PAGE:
17 min. to read.
Jesus’ conversation with the outsider woman at the well in Samaria, starts to go personal. At that moment the woman brings up a long-standing theological debate. “Where are we supposed to worship?” This question is about more than geography. It’s a question about truth. Who has it? Jesus’ answer is surprising.
He talks about worshiping in Spirit & Truth. What does this mean? How does this answer her question, “Who has the truth?”
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Have you noticed how frequently we identify ourselves with team banners?
We do it with trivial things, like which fictional characters ought to get together in movies. Do you remember the Team Edward/Team Jacob controversy? Or maybe the Team Peeta/Team Gale controversy? If you don’t, don’t worry. It just means you don’t watch movies made for teenagers. We do it with celebrities. We do it with brands. As we get closer to the next election, you can see this Team behavior coming out on political issues.
I wave my flag. That’s a little bit of who I am. You wave your flag. That’s a bit of who you are.
We identify with a group, we band together with others of the same group. It gives us a sense of identity and belonging. It gives us a common cause.
It also gives us a way to feel good about ourselves compared to the sad, unfortunate people on the other team. Especially when we feel like our team has the real scoop on something. When we have “the truth.”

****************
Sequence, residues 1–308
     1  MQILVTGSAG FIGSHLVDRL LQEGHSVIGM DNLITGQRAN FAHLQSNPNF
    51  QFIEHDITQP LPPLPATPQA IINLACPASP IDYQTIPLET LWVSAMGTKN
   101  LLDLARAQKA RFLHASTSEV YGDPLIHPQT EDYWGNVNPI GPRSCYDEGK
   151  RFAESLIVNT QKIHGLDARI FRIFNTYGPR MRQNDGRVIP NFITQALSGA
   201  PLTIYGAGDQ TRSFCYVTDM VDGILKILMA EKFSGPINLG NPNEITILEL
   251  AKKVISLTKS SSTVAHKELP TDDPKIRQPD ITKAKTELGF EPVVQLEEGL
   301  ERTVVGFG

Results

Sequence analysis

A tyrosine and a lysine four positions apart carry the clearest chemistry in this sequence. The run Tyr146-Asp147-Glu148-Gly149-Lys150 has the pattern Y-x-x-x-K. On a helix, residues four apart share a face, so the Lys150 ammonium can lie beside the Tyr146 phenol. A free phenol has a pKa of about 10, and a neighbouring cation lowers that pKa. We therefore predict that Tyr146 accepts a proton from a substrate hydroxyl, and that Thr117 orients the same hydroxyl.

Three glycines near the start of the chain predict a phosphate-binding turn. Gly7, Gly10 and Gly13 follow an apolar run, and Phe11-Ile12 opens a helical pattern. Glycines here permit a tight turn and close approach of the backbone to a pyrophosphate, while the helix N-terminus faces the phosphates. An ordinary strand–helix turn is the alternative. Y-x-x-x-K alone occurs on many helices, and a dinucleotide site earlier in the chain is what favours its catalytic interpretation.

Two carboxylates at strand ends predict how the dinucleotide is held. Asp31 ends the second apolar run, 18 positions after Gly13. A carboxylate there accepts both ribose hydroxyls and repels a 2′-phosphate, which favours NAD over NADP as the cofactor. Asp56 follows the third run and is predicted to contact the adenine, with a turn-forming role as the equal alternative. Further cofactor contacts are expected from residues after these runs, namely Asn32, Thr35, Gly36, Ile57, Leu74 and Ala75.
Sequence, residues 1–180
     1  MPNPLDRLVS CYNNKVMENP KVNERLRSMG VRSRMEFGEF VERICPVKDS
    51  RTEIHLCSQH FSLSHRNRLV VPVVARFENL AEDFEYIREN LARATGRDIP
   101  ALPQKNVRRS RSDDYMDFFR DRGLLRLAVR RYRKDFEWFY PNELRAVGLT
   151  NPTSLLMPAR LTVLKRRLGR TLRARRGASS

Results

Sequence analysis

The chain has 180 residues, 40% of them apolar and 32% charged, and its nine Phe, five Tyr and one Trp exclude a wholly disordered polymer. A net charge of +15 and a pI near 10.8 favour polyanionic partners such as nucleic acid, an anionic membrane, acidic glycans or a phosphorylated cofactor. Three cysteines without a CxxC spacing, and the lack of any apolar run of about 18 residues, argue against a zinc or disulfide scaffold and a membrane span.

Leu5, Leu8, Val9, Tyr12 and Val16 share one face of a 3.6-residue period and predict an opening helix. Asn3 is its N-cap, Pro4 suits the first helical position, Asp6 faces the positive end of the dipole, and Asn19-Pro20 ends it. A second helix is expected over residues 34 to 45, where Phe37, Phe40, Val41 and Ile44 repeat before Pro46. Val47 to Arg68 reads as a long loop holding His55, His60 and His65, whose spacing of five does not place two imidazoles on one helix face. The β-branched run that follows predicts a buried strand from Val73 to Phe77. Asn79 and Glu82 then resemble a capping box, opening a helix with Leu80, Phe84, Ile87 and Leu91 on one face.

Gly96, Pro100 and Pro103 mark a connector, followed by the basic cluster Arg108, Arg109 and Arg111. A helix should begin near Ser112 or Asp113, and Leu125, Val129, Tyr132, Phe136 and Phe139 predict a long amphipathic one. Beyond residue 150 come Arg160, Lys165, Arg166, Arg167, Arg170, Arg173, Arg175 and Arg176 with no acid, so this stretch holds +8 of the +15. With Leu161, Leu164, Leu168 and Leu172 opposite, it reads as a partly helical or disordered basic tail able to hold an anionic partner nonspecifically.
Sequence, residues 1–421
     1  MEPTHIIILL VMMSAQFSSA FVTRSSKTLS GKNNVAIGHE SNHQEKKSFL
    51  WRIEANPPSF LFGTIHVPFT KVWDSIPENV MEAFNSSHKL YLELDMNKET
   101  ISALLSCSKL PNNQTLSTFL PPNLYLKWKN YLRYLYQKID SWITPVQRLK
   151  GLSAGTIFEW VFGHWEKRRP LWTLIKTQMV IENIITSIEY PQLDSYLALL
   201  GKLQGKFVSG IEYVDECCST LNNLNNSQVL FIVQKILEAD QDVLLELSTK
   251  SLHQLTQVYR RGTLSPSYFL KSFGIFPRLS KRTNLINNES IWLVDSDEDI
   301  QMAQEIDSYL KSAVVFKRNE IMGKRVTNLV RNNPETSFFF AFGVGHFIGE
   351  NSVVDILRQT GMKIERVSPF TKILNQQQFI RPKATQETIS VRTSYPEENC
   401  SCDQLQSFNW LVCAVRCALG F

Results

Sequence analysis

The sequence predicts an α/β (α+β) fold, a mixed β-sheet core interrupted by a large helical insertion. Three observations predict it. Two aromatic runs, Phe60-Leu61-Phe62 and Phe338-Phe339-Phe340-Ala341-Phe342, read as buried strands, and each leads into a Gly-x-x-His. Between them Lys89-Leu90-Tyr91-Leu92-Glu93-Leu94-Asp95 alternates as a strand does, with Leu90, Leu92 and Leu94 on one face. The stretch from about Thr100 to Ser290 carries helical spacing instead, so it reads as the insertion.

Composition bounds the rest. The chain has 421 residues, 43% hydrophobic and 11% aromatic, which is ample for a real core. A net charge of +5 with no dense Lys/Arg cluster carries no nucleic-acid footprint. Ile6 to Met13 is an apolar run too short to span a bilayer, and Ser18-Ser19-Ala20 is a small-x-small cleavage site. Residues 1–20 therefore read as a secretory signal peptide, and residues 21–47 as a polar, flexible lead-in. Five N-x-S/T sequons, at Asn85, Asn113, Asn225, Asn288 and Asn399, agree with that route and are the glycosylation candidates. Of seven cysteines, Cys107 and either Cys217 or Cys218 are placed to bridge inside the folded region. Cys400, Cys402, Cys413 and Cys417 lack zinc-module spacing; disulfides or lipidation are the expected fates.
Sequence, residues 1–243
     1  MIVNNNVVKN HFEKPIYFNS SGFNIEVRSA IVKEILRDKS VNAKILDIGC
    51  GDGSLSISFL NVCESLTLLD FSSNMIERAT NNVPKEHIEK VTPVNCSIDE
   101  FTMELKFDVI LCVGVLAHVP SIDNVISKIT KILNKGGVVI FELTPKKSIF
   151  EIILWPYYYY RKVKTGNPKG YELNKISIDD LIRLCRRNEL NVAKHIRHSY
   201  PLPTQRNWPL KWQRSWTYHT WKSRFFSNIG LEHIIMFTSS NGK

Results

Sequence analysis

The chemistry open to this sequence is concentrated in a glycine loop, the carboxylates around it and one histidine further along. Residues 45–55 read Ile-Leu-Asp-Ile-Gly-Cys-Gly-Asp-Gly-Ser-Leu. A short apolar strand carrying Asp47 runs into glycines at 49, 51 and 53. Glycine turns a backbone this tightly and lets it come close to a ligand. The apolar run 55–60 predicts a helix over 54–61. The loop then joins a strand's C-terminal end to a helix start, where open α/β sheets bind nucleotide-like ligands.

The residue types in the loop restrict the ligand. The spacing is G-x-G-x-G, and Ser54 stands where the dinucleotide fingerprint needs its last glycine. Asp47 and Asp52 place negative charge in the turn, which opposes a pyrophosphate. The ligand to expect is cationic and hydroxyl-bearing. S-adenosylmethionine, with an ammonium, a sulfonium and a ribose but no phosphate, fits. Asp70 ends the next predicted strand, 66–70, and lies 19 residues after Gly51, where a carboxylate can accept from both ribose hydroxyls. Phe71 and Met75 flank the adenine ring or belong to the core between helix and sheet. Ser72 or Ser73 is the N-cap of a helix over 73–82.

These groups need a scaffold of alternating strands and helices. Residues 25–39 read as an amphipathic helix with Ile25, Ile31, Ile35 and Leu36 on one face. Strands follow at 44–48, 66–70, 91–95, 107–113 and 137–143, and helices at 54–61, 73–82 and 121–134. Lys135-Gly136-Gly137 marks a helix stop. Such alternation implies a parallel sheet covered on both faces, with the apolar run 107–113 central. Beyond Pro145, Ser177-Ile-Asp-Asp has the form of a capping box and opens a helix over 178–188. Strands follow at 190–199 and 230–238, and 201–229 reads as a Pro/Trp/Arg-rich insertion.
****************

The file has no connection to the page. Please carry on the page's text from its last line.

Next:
When my team “has the truth,” there’s this human thing that often happens. I can start to feel proud that I’m on the right team. I can start looking at you differently. Maybe you’re just not as as smart as me. Poor you.
If the truth my team has is a religious one, I can start thinking that maybe God’s shared something special with me, and not you—it’s easy to feel like that means to God I’m special, not you. If that truth is really important, and you disagree with me, it’s not too far of a jump to start thinking that not only are you disagreeing with me, but you’re disagreeing with God.
Now, if I’m not careful, I can start imagining that we’re not just in a disagreement, but that we’re in a war. That you and I are enemies, maybe you’re even God’s enemy. Because, you aren’t on my team. You don’t have the truth that I have!
Team Samaritan vs. Team Israel.
That’s one of the things that happened between the Jews and Samaritans in Jesus’ day. They had different understandings of scripture. They had different religious practices. They each thought the other was wrong. Not just wrong, but deceived. They weren’t just disagreeing, they had become antagonistic. They didn’t want to talk to each other. They didn’t want to do business with each other. They hated each other.